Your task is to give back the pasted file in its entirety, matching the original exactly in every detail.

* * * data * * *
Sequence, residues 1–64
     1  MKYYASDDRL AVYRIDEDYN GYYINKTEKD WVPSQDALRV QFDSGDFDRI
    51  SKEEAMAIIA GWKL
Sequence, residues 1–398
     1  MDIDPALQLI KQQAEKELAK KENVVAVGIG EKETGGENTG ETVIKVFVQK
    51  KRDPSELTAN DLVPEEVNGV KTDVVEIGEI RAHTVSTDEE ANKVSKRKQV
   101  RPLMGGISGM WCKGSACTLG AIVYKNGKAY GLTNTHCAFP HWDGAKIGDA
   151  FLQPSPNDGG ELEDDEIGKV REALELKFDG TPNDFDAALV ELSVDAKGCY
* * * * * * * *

Sequence, residues 1–64
     1  MKYYASDDRL AVYRIDEDYN GYYINKTEKD WVPSQDALRV QFDSGDFDRI
    51  SKEEAMAIIA GWKL
Sequence, residues 1–398
     1  MDIDPALQLI KQQAEKELAK KENVVAVGIG EKETGGENTG ETVIKVFVQK
    51  KRDPSELTAN DLVPEEVNGV KTDVVEIGEI RAHTVSTDEE ANKVSKRKQV
   101  RPLMGGISGM WCKGSACTLG AIVYKNGKAY GLTNTHCAFP HWDGAKIGDA
   151  FLQPSPNDGG ELEDDEIGKV REALELKFDG TPNDFDAALV ELSVDAKGCY